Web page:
Tuesday, July 18, 2017


Remember card catalogs in libraries?  I do, and I loved them.  I was disappointed when, after going to a computer system, they discarded the stacks of narrow little boxes.  Couldn’t they have kept them both?  They made searches so much easier, and there was frequently the joyous experience of finding an even better book (or books!) in the next card or two down the row – Dewey Decimal System, anyone?  I thought I – a science fiction fan from an early age – I was being a troglodyte in regretting their disappearance, but have found I am not alone.  For example, there’s this:

I do want to say that the Internet, with its powerful search engines, is fabulous and I use them avidly.  But I wish there was an app or something that would make connections like the Dewey Decimal System did.

The writing has slowed down again.  I wish I knew how to restore my muse!

I am going to the dentist in a little while.  It seems that in the last six months my teeth, especially the crowns, have deteriorated sharply.  I went in for my bi-annual cleaning and I was shown photographs of the inside of my mouth and was shocked.  The porcelain lining of my bridge has chipped away and a natural tooth has broken and there are other signs of wear.  It’s like I’ve been chewing pebbles.  So now I have to return to get the bad news from Doctor Lunden.   What is it going to cost to restore my mouth?  Are my teeth salvageable at all?


Betty Hechtman said...

I hope your muse returns. I had forgotten about the card catalogs. It is kind of like using a dictionary. You find other neat words on the way to whatever you were looking up. Good luck with the dentist!

Linda O. Johnston said...

I haven't thought about card catalogs for a while, but I do think doing research on a computer about which books are available is really helpful. I especially like the Los Angeles system where the books owned by a lot of branches are all described on the site, and then you can order many of them to be sent to your nearest library for checking out. Good luck with your teeth. I'm sure your muse is just waiting to jump out at you again.

Monica Ferris said...

Betty, You're kind of right, that looking up a word will catch your eye with another word, and then another, and pretty soon it's time for lunch! LOL But in the card file case, the books are related, and often the title is not one you've heard of before, but it's related to your topic.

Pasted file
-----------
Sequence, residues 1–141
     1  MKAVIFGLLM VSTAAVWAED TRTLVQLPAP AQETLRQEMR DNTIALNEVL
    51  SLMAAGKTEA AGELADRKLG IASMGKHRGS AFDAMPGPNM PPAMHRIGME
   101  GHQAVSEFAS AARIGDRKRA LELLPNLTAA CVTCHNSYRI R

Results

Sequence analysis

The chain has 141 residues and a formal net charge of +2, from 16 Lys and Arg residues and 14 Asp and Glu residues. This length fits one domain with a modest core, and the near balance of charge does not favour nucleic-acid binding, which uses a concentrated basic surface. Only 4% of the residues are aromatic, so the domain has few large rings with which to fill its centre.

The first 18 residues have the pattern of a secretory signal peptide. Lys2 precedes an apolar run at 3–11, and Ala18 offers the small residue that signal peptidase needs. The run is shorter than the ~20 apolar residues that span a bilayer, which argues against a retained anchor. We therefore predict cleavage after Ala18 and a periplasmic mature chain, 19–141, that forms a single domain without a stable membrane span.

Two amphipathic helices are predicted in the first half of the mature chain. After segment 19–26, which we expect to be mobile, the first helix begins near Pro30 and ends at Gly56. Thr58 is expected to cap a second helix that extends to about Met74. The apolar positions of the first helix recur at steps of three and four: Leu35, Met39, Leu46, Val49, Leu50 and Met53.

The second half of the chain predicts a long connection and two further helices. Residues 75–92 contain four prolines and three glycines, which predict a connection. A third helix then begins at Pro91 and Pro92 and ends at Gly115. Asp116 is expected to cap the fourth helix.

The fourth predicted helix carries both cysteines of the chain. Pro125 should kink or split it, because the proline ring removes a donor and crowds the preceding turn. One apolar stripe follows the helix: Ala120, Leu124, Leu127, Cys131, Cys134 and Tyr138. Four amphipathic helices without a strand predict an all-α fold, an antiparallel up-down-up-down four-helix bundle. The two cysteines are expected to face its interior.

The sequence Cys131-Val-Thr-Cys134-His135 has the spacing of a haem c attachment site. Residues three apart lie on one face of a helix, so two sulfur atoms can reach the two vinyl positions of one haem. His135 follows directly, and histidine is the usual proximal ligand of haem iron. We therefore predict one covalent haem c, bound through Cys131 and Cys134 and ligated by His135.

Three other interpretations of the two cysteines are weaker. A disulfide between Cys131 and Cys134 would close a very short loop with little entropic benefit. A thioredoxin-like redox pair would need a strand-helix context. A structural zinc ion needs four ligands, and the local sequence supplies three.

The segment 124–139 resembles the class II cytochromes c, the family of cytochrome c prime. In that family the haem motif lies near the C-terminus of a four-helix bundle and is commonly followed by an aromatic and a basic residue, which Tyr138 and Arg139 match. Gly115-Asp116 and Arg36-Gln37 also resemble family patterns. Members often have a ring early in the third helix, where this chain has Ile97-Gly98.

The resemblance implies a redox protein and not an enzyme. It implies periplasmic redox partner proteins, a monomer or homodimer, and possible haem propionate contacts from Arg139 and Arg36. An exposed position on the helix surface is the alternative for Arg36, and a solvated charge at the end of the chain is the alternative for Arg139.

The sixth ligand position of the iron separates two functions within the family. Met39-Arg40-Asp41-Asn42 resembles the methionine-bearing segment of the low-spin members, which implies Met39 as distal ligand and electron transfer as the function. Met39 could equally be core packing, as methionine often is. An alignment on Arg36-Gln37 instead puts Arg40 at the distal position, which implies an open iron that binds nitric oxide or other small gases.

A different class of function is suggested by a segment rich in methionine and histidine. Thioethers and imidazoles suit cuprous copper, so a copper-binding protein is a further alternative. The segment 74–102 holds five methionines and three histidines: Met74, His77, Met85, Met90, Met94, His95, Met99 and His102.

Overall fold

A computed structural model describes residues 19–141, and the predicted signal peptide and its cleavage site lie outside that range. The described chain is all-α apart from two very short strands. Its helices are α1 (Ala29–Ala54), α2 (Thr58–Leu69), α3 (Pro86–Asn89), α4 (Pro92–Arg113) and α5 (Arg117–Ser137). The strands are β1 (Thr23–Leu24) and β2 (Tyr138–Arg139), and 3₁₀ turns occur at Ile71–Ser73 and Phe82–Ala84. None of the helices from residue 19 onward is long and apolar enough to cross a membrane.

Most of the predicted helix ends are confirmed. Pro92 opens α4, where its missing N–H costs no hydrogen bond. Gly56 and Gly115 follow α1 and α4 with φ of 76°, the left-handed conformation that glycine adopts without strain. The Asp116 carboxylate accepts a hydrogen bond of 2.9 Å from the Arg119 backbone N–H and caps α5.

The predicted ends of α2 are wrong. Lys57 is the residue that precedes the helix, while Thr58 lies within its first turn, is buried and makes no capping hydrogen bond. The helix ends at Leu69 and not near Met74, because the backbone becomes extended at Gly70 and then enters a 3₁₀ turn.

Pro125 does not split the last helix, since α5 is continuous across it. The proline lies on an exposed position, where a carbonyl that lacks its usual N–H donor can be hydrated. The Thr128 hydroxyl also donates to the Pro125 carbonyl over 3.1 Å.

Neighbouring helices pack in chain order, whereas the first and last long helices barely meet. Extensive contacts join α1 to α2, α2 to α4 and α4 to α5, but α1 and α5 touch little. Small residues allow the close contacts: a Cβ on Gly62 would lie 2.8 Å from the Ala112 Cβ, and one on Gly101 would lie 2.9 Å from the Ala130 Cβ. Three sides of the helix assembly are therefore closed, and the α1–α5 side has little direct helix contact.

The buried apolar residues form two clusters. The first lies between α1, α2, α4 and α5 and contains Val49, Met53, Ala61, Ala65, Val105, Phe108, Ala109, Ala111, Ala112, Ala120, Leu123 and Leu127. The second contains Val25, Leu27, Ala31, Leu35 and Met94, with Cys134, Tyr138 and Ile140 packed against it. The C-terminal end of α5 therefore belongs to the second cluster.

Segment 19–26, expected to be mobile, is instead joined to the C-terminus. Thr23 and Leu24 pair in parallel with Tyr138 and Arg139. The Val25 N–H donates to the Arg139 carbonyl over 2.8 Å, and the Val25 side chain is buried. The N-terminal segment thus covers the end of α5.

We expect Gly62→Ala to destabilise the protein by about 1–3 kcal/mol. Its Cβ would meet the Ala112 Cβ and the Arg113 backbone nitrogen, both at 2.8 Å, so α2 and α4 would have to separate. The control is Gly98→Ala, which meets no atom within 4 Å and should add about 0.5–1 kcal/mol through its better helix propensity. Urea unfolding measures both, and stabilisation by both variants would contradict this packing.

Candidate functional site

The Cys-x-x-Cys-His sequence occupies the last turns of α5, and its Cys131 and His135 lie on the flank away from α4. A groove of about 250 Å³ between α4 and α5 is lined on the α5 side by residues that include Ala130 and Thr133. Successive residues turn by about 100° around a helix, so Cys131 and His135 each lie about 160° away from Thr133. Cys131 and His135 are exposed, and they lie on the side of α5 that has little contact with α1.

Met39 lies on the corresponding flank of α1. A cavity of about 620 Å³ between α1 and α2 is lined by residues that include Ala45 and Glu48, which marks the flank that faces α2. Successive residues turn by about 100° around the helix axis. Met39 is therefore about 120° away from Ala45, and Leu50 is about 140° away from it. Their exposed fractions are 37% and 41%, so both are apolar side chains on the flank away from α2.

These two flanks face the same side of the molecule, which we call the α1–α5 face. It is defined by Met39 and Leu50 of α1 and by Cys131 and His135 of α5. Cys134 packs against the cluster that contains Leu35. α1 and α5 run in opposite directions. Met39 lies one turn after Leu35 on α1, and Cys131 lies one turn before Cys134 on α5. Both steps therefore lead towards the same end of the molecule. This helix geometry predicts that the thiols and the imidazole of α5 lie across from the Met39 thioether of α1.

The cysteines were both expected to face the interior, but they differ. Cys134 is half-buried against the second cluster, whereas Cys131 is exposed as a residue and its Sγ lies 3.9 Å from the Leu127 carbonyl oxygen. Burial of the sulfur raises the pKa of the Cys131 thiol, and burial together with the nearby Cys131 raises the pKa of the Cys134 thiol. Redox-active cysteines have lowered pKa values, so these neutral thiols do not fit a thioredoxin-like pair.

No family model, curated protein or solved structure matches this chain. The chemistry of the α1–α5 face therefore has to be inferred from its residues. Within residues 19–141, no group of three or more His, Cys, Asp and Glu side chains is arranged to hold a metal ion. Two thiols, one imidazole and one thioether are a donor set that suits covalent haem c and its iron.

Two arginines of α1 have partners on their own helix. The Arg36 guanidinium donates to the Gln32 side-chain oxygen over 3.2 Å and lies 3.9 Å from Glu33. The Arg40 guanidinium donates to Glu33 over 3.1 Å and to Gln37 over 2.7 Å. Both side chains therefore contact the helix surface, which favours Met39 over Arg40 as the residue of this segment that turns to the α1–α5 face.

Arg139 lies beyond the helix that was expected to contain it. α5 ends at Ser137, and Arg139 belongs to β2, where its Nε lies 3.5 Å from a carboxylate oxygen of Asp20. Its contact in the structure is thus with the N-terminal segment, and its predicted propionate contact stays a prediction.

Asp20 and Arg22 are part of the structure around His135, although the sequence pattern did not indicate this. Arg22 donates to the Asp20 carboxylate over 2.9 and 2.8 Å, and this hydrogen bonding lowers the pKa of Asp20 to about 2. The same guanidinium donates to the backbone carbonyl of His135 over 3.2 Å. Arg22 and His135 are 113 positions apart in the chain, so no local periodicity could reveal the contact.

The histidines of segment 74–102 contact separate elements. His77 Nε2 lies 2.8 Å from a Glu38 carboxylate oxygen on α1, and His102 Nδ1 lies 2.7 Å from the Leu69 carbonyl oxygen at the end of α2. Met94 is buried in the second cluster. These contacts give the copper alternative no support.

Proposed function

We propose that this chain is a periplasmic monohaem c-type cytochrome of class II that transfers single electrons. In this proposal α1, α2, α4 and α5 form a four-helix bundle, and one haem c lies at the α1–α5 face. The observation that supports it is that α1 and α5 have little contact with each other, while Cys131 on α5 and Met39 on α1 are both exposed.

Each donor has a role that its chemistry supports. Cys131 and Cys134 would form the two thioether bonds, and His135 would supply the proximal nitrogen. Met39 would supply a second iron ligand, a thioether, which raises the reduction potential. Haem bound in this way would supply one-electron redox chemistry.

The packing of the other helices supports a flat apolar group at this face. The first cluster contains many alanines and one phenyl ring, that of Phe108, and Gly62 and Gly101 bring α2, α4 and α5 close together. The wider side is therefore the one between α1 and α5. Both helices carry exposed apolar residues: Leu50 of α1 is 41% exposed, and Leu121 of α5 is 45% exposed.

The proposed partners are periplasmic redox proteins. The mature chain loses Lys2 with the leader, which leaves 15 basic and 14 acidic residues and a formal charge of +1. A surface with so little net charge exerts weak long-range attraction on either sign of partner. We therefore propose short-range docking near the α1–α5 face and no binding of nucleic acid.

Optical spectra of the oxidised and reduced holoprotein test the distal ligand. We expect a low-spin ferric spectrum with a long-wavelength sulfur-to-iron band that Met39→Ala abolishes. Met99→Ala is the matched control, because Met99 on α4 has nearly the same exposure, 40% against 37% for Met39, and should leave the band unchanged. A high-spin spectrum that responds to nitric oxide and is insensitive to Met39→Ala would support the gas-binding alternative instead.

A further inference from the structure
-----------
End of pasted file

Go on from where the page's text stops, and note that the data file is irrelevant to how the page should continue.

And Linda, I've done interlibrary loan - or do I mean intralibrary? I once ordered a book on Medieval English Nunneries from a university in Michigan. It took me months to run it down, and it proved very, very valuable to my research. OTOH, not long ago I found it again on the Internet and with a few clicks, it's not my own, safe and secure on my computer.

Annette said...

I hear you loud and clear Monica. Yes, the Internet is a wonderful tool. But, I sure do miss the feel, smell and the joys of cross referencing only found in an old fashion library are catalog.
Good luck with your dental appointment.

Julie said...

I'm late to this post, but i have to say that all of you who are nostalgic for card catalogs have clearly never been librarians or library staff who had to type multiple copies of multiple-card sets of cards, getting them error-free, and typing right up to the very edge of stiff catalog cards, using a typewriter fitted with a card platen, which had a slot built into it to hold the bottom edge of the card. I've done this in my time. A lot. I feel no nostalgia for catalog cards.
If it helps, browsing the shelves near a book that's of interest to you can help you expand on your electronic search, much as browsing cards in a card tray can, (From a librarian who still has PTSD from card typing.)

Julie said...

Just an addendum: Books and other works in libraries are still classified, by Dewey Decimal, or Library of Congress, or another classification system, and browsing the shelves near one book will lead to others on the same or similar subjects, just as browsing those cards did. If you look in any non-fiction work published in the US, you will find not only the publication data, but also cataloging data, including the Dewey or LC classification number. Dewey is alive and well.